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Expression and regulation of CCL15 by human airway smooth muscle cells



Prof Qutayba Hamid,

Meakins-Christie Laboratories, McGill University,

3626 St Urbain Street,

Montreal, Quebec H2X 2P2, Canada.




Structural cells are an important reservoir of chemokines that coordinate the influx of various immune cells to the lungs of asthmatics. Airway smooth muscle cells (ASMC) are an important source of these chemokines. CCL15 is a recently described chemo-attractant for neutrophils, eosinophils, monocytes and lymphocytes.


To determine the production and the regulation of CCL15 by ASMC and to investigate its production in asthmatic airways.


Human ASMC were obtained from main bronchial airway segments of patients with mild, moderate and severe asthma. To induce chemokine production, cells were incubated with IL-4, IL-13, TNF-α or IFN-γ in presence or absence of dexamethasone, mithramycin A (SP-1 inhibitor) or the IKK-2 inhibitor, AS602868. CCL15 mRNA expression was evaluated by real-time PCR. Immunoreactive CCL15 was detected by immuno-fluorescence and CCL15 protein concentration in the supernatant was measured using ELISA.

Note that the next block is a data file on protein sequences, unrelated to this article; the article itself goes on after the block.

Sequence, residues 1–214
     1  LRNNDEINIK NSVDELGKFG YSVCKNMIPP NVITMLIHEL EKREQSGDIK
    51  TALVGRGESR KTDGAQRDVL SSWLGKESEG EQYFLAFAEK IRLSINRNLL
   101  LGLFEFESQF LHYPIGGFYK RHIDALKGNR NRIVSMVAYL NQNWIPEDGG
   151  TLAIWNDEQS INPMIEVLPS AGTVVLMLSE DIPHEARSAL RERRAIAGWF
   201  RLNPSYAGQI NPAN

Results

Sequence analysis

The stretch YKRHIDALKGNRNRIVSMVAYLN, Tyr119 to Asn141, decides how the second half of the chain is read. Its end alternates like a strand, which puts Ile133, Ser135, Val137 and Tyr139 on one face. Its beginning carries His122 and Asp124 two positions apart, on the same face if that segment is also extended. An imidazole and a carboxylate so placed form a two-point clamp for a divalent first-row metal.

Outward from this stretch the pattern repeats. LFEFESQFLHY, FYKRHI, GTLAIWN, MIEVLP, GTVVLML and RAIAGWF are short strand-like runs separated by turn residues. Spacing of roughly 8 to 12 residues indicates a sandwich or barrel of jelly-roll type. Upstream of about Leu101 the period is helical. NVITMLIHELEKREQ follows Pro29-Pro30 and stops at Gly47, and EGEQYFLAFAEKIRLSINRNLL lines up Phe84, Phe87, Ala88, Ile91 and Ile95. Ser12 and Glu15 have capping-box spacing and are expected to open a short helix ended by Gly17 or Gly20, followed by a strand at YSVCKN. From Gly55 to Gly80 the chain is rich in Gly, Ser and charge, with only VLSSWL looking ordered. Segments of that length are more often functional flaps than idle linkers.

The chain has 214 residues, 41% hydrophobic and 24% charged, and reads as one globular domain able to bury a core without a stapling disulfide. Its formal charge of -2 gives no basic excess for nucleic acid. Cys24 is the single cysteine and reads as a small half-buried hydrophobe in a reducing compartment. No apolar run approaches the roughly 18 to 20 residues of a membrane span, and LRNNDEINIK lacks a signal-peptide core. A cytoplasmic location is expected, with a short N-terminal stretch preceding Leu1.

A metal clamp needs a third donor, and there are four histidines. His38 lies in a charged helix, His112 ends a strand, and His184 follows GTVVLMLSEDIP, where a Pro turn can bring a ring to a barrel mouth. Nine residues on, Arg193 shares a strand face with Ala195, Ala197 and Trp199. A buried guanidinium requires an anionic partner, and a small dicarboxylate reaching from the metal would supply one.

CCL15 is constitutively expressed in human ASMC and is strongly up-regulated by TNF-α. This up-regulation is inhibited by dexamethasone, mithramycin A and AS602868. TNF-α-induced CCL15 levels can be synergistically enhanced by the presence of IFN-γ, at both the transcriptional and translation level. This synergism is NF-κB-dependent. Asthmatic biopsies demonstrated higher expression of CCL15 compared with non-asthmatic controls.

Conclusion and Clinical Relevance

Our results show that ASMC are a potent source of CCL15 in the airways and may directly participate in the recruitment of inflammatory cells to asthmatic airways. Targeting the production of CCL15 by ASMC might reduce the inflammatory response within the airways of asthmatic patients.

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